Richmond is mourning the passing of Garry Krauss, one of the most important off-field figures in the Club’s history over the course of the past four decades.

Krauss, 77, died last night, as he settled in to watch the television coverage of his beloved Tigers playing Brisbane at Metricon Stadium.

It was due to the extreme generosity of prominent businessman Krauss that Richmond was saved from extinction in the mid-1980s.

A coterie member at the time, he provided a severely financially strapped Club with a life-saving $400,000 loan.

He would go on to serve the Tigers with distinction as a board member, deputy vice-president, vice-patron, No. 1 ticket-holder and player sponsor.

In 1996, Krauss, fittingly, was awarded life membership of the Club.

To further appreciate the crucial role that Krauss played in keeping Richmond afloat during the 1980s, here is a feature article written for The Age newspaper by leading football journalist Mike Sheahan in November 1989 under the heading: “Tigers’ $400,000 savior” . . .

“When Bill Durham, president at Richmond during the dark days of the summer of 1985-86, acquainted himself with the full extent of the club’s financial problems, he saw only two possible sources of relief: strong drink and a philanthropist.

He found both. Fortified by more Scotch than he was used to, he went to the club’s men of money and influence, advised them of the desperate situation, and pleaded for assistance.

“I begged a couple of them to help us, but the high fliers did the disappearing trick,” Durham recalled this week.

Finally, he came up with the name of Richmond Coterie member Garry Krauss, downed another Scotch, and told his wife, Dawn: “I’m going to put it on a bloke for a million dollars.

“I remember it clearly. I went to his house, a big, old Victorian house in Prahran, and said ‘Garry, Richmond needs a savior, and I believe it’s you’.

“Garry took me off to his den and started to play with his computer. After a while, he said ‘I might be able to let you have $400,000’.”

The club’s debt at the time was put publicly at $900,000, but the reality was that it was nearly twice that figure. Durham got the ANZ to extend the club’s overdraft by an amount that probably would embarrass the obliging bank manager, and cashed the Krauss cheque for $400,000 before the ink had dried – just when the VFL Tigers looked like joining the Tasmanian tiger and the dodo in the history books.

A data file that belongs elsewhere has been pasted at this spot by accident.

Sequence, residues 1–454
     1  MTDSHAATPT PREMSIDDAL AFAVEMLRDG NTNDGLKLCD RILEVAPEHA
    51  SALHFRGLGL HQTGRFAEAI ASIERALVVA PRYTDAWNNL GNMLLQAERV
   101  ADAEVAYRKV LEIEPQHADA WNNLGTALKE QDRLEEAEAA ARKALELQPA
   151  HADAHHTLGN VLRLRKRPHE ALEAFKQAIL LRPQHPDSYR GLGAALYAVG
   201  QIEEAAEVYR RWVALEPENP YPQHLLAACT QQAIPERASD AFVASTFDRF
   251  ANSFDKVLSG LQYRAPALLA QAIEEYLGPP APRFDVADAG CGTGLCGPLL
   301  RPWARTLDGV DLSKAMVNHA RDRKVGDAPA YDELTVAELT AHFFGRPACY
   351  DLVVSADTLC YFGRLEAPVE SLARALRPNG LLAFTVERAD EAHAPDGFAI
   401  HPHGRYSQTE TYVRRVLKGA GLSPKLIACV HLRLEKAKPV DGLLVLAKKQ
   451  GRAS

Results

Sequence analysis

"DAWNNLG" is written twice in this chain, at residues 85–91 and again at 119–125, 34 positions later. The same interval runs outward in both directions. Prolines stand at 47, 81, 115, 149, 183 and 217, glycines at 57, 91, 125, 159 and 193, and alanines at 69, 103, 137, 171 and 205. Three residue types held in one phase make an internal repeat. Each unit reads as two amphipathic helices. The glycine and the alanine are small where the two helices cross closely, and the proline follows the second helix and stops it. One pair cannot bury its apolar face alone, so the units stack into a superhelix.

Karauss’s $400,000 was a loan to bear interest at about five per cent under commercial rates, to be reviewed after two years. In return, he was to get benefits in appropriate areas, such as hospitality plus a seat on the board of directors. He is up for re-election at the annual meeting on 12 December, with retiring president Neville Crowe and retiring board members Eric Leech and Claude Ullin.

An election isn’t regarded as likely (nominations close on Tuesday), but there certainly won’t be any encouragement from the club for anyone to oppose Krauss. Four years on, he has been paid $100,000 of the principal, has taken only a fraction of the due interest, doesn’t expect any more interest and believes he will get his remaining $300,000 in about three years.

Interest at 20 per cent would have earned him $200,000 to date and a further $180,000 in the next three years. He isn’t sure how much interest he has received, but it sounded like it would be measured in hundreds of dollars rather than thousands, and there hasn’t been any interest in the past two years.

Durham said: “I’ve got the greatest respect for the man for the support and loyalty he has shown Richmond.”

Krauss, 46, the man who makes his money out of money, said this week: “The money is a loan, but I’m prepared to wait until the club is ready to pay it back. It was not an investment. I have a private investment arrangement.”

His payback comes in the form of entitlements, which include places at the president’s lunch on match days with friends from the Victorian State Opera, of which he is a director, and the youth program, Operation Rally, of which he is a patron.

“I get a lot of fun out of the football club. A lot of my friends from the opera are besotted by football.

“Bill (Durham) was in a lot of trouble at the time and I was pleased to be able to help. Our cash flow was shot and there were payments that just had to be made. I had to write out the cheque pronto. It was a very bad time for the club,” Krauss said.

"It’s the changing face of football. In the old days, football’s benefactors provided jobs for players and slipped the occasional five and 10 pound note into a player’s shoe after a good game.”

The Club will wear black armbands this Saturday evening as a mark of respect to Garry and his family.